Have you had any experience with Rhino? The interface is very easy to learn and use. I was making complex parts within minutes of first using it.

pg. 18, Rhino version 3, User’s Guide:
Rhino is a "command driven’ program. Actions are activated by commands. Commands are accessed by ‘typing’ the command at the prompt, through the ‘menus’, or the ‘toolbar’. The choice is yours and there is no preference for one method over another.

I really like this structure. Whichever way you choose a command, the command line responds, offers subcommands which relate to the main command, and allows you to enter data - like ‘.x’ for x constraint, or numerical data. There are several clear ways to find a command. And Rhino’s command line responds with comments on how the program is interpreting your inputs. I hope in your CADtools for Blender 2.5 you add a command line for clearly inputting values. Scaling, moving, mirroring, rotating commands all let you input precise data. The orient command is also very powerful.

For an inset function in Blender you could have a command box for inputting the distance by percent and one for inputting the distance by measured value. Or the user could click and drag the placement of the inset edges.

I am going to try Modo 401 to see how easy it is to model things precisely. I have seen some amazing work done with Modo. One of my favorite digital artists is Cristóbal Vila, and he is using Modo. His level of care and detail is fanatical!

http://www.etereaestudios.com/index.html

Picasso said, ‘good artists copy, great artist steal.’

Open source projects should be stealing what works from other programs.

Thanks,
Dave

hi dfro, thanks for suggestions, i haven’t opportunity to work with Rhino, but it is on my try_out list. Actually I am still very busy with implementation of my own work-flow concepts, so maybe after that i will look for alternatives.

For an inset function in Blender you could have a command box for inputting the distance by percent and one for inputting the distance by measured value. Or the user could click and drag the placement of the inset edges.
this is already implemented in CADtools, though not so obvious (still no manual released):
iirc all numeric input fields in Blender accept math expressions (python syntax).
Additionally to this, CADtools input fields support mixed decimal/imperial units and evaluate any python expressions.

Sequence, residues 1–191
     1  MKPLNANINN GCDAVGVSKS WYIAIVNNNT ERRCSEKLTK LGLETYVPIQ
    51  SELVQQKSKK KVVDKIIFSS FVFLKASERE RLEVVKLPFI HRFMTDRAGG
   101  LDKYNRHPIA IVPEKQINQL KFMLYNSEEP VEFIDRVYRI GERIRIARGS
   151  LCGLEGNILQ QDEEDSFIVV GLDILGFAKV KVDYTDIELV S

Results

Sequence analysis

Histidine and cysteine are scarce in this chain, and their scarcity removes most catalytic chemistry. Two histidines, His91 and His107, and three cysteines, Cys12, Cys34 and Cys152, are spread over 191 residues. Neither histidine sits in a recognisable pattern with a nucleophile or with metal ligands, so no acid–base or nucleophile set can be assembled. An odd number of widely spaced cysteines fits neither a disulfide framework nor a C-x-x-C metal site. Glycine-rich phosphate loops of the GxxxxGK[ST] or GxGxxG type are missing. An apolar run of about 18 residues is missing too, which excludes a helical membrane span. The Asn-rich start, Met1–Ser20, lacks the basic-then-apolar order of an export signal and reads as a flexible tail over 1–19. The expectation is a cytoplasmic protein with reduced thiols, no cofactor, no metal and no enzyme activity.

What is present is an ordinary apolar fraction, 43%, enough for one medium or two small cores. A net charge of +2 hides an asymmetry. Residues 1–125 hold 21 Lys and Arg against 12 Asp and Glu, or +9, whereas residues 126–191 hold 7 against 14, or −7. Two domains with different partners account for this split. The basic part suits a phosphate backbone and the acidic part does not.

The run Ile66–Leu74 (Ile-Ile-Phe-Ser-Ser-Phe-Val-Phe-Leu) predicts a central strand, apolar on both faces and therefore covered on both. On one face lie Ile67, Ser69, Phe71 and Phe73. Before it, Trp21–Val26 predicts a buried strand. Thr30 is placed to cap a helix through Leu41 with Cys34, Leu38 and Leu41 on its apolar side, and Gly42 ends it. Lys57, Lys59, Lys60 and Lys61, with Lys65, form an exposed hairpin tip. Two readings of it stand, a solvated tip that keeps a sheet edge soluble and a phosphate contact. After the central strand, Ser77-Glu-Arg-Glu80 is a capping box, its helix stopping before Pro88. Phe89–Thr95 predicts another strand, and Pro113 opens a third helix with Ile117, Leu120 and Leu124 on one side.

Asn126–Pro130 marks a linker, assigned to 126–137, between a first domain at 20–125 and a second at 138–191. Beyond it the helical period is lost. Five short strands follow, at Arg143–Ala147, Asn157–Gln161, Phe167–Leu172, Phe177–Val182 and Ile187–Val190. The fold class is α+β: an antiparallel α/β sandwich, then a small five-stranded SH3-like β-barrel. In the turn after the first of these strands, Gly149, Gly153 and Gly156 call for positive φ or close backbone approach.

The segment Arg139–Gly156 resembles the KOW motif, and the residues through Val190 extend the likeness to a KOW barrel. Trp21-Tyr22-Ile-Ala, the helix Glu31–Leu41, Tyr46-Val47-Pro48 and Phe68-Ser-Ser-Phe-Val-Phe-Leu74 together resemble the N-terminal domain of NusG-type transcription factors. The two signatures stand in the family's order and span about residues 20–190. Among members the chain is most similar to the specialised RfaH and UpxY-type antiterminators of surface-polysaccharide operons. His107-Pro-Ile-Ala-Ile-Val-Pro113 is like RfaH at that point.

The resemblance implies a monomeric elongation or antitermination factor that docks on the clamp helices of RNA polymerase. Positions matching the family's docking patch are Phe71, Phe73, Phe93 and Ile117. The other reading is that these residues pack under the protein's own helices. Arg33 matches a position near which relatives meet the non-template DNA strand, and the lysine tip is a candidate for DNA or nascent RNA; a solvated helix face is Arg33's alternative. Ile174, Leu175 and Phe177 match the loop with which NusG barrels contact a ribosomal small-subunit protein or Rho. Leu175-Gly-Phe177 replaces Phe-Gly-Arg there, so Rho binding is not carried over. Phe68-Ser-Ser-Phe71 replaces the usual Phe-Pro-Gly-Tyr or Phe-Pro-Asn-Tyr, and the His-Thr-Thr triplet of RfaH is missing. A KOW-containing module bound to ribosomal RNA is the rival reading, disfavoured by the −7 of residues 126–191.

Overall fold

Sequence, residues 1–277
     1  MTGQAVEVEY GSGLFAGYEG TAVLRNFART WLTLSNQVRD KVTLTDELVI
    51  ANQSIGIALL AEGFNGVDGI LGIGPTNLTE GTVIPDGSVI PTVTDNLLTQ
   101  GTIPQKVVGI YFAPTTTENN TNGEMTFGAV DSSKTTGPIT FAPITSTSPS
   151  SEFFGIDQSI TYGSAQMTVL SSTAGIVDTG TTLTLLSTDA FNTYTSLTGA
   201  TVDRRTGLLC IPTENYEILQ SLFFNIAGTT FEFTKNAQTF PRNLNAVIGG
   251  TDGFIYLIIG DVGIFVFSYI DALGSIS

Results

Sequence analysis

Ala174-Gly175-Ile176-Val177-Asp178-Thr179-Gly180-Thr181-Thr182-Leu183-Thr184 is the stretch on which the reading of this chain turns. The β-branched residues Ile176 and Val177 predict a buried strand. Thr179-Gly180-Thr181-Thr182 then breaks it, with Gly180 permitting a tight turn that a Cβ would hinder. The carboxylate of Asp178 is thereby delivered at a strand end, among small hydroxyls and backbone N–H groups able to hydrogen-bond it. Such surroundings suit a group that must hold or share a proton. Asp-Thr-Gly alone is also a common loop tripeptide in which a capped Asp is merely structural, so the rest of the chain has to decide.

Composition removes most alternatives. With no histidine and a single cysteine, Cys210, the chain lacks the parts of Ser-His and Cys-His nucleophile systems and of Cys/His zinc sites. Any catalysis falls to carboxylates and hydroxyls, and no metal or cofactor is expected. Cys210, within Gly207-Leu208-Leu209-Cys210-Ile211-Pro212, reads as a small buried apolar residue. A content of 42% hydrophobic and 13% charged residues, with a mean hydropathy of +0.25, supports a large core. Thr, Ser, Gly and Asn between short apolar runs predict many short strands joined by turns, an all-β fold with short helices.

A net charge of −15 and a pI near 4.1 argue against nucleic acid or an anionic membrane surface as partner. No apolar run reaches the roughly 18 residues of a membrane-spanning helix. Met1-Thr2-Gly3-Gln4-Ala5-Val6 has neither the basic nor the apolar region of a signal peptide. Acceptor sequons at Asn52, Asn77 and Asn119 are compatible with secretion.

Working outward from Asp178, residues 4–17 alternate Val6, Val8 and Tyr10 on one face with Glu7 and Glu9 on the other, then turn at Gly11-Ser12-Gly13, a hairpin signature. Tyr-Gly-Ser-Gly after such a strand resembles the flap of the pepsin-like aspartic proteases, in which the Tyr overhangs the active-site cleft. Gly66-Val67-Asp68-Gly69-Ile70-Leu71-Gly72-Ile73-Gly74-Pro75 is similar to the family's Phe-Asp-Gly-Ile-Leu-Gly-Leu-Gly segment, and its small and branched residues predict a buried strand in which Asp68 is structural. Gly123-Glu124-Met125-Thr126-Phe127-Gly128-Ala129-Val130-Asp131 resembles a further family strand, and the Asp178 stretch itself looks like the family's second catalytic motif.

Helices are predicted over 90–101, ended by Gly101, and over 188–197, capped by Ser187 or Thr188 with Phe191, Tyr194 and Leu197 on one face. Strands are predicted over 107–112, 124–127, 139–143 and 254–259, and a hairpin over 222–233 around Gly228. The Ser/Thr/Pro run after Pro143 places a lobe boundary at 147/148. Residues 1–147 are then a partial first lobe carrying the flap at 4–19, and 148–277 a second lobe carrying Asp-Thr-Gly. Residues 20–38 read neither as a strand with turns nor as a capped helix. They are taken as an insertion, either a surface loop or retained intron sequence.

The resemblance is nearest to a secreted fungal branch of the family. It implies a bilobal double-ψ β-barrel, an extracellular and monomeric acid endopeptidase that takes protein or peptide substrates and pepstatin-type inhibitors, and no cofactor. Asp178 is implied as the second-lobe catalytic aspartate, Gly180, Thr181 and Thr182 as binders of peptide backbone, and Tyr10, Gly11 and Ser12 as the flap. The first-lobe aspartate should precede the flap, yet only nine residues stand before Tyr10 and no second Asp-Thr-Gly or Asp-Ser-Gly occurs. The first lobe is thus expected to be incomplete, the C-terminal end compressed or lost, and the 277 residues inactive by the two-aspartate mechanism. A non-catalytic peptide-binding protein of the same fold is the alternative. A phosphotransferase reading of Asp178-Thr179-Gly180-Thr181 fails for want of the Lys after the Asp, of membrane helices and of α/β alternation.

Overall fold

CADtools project is by far not finished, i would say there are about 20% of my ideas implemented now.

migius,

I would like to humbly offer a few ideas on getting paid.

If you want to make money doing this, I think you should put an automated donate button on your site that makes it very easy for people to contribute. You might want to check out how the guys at Ardour (digital audio recording/editing software) are trying to get paid. They ask professionals that are using Ardour to contribute a monthly donation to keep development continuing. They also have a pledge area for functions that people want. As the pledge amount increases, the developers get more excited about adding the funtion. There is also a graph that shows whether the main developer is making a decent living this month. It really gets the point across to the professionals using the software.

I am sure there are some other standard ways that people are getting their FOSS projects funded. Google Summer of Code?

I think the “e-mail for the scripts” idea is a bottle neck. The world will love you for openly sharing these tools. You will be the Linus Torvalds of Blender CAD functionality. I think what you are doing is so important to Blender that you should be included on their team (that means you should get some money from the Blender Foundation).

Start a forum where we can all rant about the CAD functions we want added or improved. For example, trying to use Blender’s snap tool to accurately position an object drives me crazy. On the forum have a section about what human factors, ergonomics, functionality, etc should be copied from other programs - like Rhino and Modo.

Make the website look more interesting. Give us screen shots and videos. Draw us into the excitement of what you are doing next. Have a CADtools gallery.

Tell others what you are doing. Have you told Allan Brito at www.blender3darchitect.com about your project? I am sure he would love to do a write-up on your progress.

Put some advertising on your site. Create some members only tutorials on how to use the CADtools like at Blender Cookie.

It seems to me that getting paid as a developer in FOSS projects means doing a lot more that writing great code - you have to build a community of people that are excited about what you are doing. I know I am excited about what you are doing.

Thanks,
Dave

I was able to follow Jonathan’s tutorial and draw/extrude new vertices onto an object. But, I was not able to project a set of vertices onto an object so that they conform to the background object’s shape. This Modo tutorial shows what I am talking about, where one cylinder has its bottom row of vertices projected onto another surface:

http://www.luxology.com/tv/training/view.aspx?id=506

Can this be done in Blender?

Thanks,
Dave

hi Dave,
here the answers to your post:
http://blenderartists.org/forum/showthread.php?p=1696741#post1696741